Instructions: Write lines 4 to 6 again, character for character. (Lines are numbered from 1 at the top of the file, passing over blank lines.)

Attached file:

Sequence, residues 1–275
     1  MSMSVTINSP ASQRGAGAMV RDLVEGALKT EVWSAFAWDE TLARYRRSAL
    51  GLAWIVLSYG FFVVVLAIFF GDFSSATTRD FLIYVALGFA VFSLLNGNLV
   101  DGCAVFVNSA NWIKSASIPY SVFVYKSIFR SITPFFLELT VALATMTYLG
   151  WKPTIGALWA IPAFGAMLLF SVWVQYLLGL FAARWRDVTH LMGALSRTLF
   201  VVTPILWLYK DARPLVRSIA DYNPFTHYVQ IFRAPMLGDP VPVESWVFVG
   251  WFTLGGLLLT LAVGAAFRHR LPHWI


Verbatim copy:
   101  DGCAVFVNSA NWIKSASIPY SVFVYKSIFR SITPFFLELT VALATMTYLG
   151  WKPTIGALWA IPAFGAMLLF SVWVQYLLGL FAARWRDVTH LMGALSRTLF
   201  VVTPILWLYK DARPLVRSIA DYNPFTHYVQ IFRAPMLGDP VPVESWVFVG